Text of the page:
– Avoiding the phone – Phone calls are terrible for me; I just cannot seem to get myself to pay attention to what’s being said. Especially if it’s a conference call, I hang up and realize I have no idea what was said. So I try to have in-person meetings whenever possible, or ask people for a follow-up email confirming next steps after a phone call. If I have to be the one documenting next steps, I know I have to make a specific and concerted effort to take notes during the call.
    – Just being understanding – reminding myself that it might be hard to focus on a task right now, but that’s nothing to mentally berate myself over and it’s just something to work through – “we can do hard things!”

    • guest poster A :

      AnonZ, are you me? I could have written your “repeated pattern at jobs” description almost word for word. (And then upon leaving the job it’s like, “Ummmmm, hey guys, here’s a list of things I never got to.”)

      • Oh I KNOW. “Well, here’s a bunch of stuff I didn’t do; now I shall flee under cover of darkness to hide my shame.”

    • Thanks, AnonZ :

      This seriously hit home for me, and I needed to read it. At age 30, it hadn’t occurred to me until today that ADHD explains my behavioral and mental health struggles perfectly. I have adopted several of your coping techniques already in the name of curbing anxiety/depression, but this perspective puts so many things in place for me.

      Thank you, AnonZ. Seriously, I’m getting ready to start a new job and was already starting to dread the inevitable beginning of the things I will never manage to get around to. It’s the first time I will be beginning a new job since adopting most of these coping techniques, so I am optimistic that it will be at least somewhat better this time. And I will keep reminding myself that it’s okay to be imperfect and not to let that stop me from trying to just be better.

      • I’m so glad you found it helpful! ADHD/depression/anxiety can be an interesting trifecta – for me, I think the ADHD was the key driver of the other two but that can definitely vary per person.

        I will not pretend that I never let things pile up at work anymore, but I think a big difference is that it doesn’t happen to the same levels as before, and also I can deal with working through a backlog. Before, the daunting combination of the work itself PLUS debilitating shame and self-loathing created a vicious downward spiral that I couldn’t break free from. Now I try to be much more gentle and supportive of myself when it’s time to slog through some accumulated work.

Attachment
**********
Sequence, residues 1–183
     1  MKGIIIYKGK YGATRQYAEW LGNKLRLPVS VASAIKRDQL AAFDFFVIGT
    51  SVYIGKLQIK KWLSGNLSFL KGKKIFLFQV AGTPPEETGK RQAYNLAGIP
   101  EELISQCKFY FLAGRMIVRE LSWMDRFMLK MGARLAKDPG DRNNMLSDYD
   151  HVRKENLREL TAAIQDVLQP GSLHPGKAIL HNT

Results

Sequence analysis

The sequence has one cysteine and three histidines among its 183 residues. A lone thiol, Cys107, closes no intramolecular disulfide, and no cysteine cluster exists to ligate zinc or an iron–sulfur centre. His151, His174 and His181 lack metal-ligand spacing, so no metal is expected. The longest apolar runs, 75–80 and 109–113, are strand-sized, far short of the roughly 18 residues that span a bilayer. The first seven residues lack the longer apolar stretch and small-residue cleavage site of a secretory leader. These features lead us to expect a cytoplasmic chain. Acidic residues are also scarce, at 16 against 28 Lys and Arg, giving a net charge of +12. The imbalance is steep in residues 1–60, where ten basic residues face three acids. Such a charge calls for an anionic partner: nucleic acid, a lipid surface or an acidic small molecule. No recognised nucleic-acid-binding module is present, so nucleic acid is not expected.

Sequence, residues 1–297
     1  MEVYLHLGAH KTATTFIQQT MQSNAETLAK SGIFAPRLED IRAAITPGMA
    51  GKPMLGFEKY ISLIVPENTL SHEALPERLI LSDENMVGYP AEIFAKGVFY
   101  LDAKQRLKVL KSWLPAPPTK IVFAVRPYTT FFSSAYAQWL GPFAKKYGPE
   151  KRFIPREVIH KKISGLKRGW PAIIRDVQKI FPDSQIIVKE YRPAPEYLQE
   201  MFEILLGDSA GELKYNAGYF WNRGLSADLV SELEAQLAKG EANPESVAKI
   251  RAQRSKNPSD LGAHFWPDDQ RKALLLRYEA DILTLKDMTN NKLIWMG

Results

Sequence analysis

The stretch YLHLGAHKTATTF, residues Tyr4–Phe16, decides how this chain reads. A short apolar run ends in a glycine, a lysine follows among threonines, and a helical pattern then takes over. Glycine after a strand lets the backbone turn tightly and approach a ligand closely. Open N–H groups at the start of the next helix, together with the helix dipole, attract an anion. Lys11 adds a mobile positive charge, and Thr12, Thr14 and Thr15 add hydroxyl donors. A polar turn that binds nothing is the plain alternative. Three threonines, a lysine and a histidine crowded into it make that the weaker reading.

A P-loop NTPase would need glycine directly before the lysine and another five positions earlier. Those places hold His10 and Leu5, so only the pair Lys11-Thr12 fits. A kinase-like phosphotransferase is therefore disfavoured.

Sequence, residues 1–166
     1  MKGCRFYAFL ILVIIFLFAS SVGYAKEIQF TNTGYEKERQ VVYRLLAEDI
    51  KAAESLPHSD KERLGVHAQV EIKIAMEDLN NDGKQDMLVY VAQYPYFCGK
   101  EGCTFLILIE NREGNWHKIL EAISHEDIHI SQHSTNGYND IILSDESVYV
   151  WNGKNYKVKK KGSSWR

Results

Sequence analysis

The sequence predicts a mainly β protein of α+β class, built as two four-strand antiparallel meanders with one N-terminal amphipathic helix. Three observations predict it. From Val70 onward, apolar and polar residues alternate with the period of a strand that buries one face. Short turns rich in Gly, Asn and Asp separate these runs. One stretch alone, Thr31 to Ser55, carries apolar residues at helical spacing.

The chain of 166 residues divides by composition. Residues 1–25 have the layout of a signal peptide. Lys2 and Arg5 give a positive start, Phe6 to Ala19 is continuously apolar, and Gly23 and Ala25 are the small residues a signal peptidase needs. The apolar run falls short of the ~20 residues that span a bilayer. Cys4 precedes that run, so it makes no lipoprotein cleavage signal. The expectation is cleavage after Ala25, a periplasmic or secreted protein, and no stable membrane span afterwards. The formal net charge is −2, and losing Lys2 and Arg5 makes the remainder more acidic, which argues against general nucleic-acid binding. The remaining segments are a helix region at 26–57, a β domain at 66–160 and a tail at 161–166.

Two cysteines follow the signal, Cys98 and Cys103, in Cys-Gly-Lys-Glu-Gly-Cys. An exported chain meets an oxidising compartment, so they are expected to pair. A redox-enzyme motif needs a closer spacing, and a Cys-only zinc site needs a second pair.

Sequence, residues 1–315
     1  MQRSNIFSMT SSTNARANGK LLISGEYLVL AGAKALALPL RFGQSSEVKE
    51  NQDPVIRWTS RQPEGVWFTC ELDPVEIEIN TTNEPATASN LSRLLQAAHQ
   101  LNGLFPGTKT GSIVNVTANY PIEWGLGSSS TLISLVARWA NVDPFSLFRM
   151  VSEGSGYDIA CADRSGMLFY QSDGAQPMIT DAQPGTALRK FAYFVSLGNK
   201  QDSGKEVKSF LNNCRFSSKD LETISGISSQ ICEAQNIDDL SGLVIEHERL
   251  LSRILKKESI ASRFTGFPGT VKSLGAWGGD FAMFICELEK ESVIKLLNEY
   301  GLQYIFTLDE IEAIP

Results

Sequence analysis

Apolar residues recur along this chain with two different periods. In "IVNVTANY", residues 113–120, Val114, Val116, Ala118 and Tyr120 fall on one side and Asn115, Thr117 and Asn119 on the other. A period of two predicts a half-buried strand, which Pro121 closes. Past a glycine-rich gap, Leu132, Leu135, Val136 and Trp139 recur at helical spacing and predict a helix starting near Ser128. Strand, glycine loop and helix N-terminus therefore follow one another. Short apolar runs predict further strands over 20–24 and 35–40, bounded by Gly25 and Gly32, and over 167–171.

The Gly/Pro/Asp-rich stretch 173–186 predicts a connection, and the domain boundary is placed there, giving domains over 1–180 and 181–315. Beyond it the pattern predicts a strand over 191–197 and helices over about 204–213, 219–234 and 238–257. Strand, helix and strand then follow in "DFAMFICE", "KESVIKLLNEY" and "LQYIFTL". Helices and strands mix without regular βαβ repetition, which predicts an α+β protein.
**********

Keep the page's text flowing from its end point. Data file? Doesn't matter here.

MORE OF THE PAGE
• The one list in one book thing was a huge turning point for me too.

  3. I really appreciate your candor and honesty in how you’re dealing with this, OP and AnonZ. My eight-year-old received an ADHD diagnosis in March, and while I am so relieved to have an answer for why he’s struggling, I am somewhat overwhelmed by what it could mean for his future. He is a bright kid, and I’m hopeful that if he learns to manage it and find ways to cope early on, he’ll manage to get through the tough spots OK — especially when academics get harder. As a “slow and steady wins the race” type of person, I am fascinated by his ability to hyperfocus when he’s truly interested in something. That can be a real asset, IMO.

    • Dealing with the diagnosis as an adult, I have had to spend time processing some very strong feelings of shame that are tied up in all of this. My parents (my mother in particular) spent a lot of my middle and high school years making me feel that I was just lazy and needed to try harder. She did try hard to help me be more organized but it wound up being super frustrating for both of us. Also, my parents are both of the “mental illness is weakness” mindset – they would never have taken me to be evaluated, and I have not told them about the ADHD diagnosis nor the mild depression that I struggled with prior to getting a diagnosis. (Which I now understand as triggered by the deep feelings of shame related to all of this.)